Stage 2 – Filling a need
The second stage of sexual grooming is filling a need. Groomers who operate either online or in-person may employ tactics such as giving advice or attention to especially vulnerable children who may lack a leader figure in their lives. They may choose to present themselves as an authority figure, mentor, or a young person to who the child can relate.
Sexual groomers endeavor to be the provider of something the child wants or needs, such as:
- A mobile phone
- Somewhere to stay
- An expensive outing
- Alcohol or drugs
- Friendship and attention
- Emotional support
- A sense of love and value
Stage 3 – Gaining the trust of the parent/caregiver
Groomers do not only target children; perpetrators work to gain the trust of parents/caregivers to lower suspicion and gain access to the child by providing seemingly friendly support. The following signs might indicate that someone is grooming you or your family with the intention of sexually abusing your child or the child you’re caring for:
- They offer to babysit your child.
- They offer to take the child on excursions/trips away.
- They buy the family gifts.
- Plays with your child and touches them in a non-sexual way as a means of getting you and your child used to physical contact.
- They often compliment your family and your style of parenting.
- They try to initiate a romantic relationship with you.
- They offer to mentor / individually coach your child.
Stage 4 – Isolating the child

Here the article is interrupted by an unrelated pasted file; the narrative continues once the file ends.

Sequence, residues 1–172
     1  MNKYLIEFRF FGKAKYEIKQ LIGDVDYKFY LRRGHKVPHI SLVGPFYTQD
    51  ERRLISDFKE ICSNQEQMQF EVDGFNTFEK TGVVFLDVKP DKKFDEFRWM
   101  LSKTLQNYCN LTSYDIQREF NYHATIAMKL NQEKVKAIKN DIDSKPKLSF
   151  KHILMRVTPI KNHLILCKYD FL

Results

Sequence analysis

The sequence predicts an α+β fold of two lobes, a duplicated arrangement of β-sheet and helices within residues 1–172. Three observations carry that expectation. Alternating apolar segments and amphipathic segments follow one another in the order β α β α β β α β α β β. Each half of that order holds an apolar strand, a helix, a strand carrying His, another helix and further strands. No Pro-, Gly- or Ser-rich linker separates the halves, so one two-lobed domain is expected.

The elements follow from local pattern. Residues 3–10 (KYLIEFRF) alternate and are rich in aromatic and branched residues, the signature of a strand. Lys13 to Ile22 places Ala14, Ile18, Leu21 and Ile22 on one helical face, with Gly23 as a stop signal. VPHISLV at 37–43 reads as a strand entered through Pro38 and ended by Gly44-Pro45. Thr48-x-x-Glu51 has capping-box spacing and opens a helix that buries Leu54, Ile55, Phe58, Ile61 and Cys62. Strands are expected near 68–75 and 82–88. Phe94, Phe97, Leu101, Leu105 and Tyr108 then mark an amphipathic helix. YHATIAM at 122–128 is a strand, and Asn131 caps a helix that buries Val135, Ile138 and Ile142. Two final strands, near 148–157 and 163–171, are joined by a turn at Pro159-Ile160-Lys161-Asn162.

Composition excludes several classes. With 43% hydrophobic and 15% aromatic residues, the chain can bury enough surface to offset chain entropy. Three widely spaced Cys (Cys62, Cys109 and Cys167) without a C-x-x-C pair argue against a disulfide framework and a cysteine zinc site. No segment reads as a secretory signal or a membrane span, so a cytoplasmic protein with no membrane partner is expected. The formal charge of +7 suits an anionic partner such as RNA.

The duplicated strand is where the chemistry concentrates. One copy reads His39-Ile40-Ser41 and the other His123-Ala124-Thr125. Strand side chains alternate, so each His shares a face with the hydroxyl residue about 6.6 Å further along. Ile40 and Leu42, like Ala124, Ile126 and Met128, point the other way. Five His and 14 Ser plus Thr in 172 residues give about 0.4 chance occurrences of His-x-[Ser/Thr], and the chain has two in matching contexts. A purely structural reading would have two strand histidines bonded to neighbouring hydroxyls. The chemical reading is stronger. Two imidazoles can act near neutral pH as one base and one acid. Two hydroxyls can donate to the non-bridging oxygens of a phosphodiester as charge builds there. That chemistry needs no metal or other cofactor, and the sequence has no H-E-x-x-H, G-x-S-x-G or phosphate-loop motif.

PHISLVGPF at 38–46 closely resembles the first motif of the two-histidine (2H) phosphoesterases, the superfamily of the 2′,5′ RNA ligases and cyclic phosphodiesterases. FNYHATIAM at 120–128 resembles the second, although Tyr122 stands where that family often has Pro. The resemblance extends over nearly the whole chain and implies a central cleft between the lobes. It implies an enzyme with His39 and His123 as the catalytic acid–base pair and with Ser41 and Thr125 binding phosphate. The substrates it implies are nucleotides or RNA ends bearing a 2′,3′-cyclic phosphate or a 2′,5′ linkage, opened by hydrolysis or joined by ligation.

One of the last stages of sexual grooming is to isolate the child from their family and friends so they are more susceptible to the perpetrator’s power and control. Sexual groomers may try to emotionally isolate the child against their family. For example, predators may turn the child against their parents so that the child is more likely to confide in them and perceive the groomer as the sole supporter. Additionally, groomers can physically isolate the child by offering to take the child on excursions or days out. This is especially common when the groomer and the child already know each-other.
Stage 5 – Sexual Contact
Once a predator has completed the stages of sexual grooming, the final stage is achieving sexual contact with the child. Sexual contact can come in many forms – from physical penetration to indecent exposure to a child. Regardless if the sexual contact is physical or non-physical, it is still a crime. An abuser who is close to the family may use caregiving experiences, such as changing nappies, toilet training, bathing, or putting the child to bed at night, to initiate sexualised actions as a part of a “routine of care.” Sexual groomers may also lead the child to perceive “cuddling” as a normal activity between adults and children who have “a special relationship.”
What you can do
If you or a loved one has experienced sexual grooming that led to sexual abuse, you may be able to seek compensation. Alternatively, if you recognise any of these stages of sexual grooming call us on 0151 242 5111 for more information or for free, confidential advice from our experienced team of solicitors.